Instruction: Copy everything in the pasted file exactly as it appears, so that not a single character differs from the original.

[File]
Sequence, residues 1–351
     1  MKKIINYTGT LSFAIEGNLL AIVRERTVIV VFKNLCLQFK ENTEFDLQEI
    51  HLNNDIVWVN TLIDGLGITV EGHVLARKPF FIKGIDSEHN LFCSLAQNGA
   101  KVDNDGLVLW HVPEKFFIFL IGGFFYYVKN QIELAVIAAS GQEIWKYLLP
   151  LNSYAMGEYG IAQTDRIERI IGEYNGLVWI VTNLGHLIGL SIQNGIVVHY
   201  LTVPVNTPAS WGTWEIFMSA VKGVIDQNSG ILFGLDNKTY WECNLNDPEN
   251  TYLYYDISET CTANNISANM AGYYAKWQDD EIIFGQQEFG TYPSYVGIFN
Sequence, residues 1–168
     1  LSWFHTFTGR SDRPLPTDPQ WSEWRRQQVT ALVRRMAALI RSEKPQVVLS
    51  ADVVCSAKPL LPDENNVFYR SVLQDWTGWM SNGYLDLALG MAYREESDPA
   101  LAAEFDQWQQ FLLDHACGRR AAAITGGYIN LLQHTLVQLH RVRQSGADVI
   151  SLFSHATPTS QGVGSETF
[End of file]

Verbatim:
Sequence, residues 1–351
     1  MKKIINYTGT LSFAIEGNLL AIVRERTVIV VFKNLCLQFK ENTEFDLQEI
    51  HLNNDIVWVN TLIDGLGITV EGHVLARKPF FIKGIDSEHN LFCSLAQNGA
   101  KVDNDGLVLW HVPEKFFIFL IGGFFYYVKN QIELAVIAAS GQEIWKYLLP
   151  LNSYAMGEYG IAQTDRIERI IGEYNGLVWI VTNLGHLIGL SIQNGIVVHY
   201  LTVPVNTPAS WGTWEIFMSA VKGVIDQNSG ILFGLDNKTY WECNLNDPEN
   251  TYLYYDISET CTANNISANM AGYYAKWQDD EIIFGQQEFG TYPSYVGIFN
Sequence, residues 1–168
     1  LSWFHTFTGR SDRPLPTDPQ WSEWRRQQVT ALVRRMAALI RSEKPQVVLS
    51  ADVVCSAKPL LPDENNVFYR SVLQDWTGWM SNGYLDLALG MAYREESDPA
   101  LAAEFDQWQQ FLLDHACGRR AAAITGGYIN LLQHTLVQLH RVRQSGADVI
   151  SLFSHATPTS QGVGSETF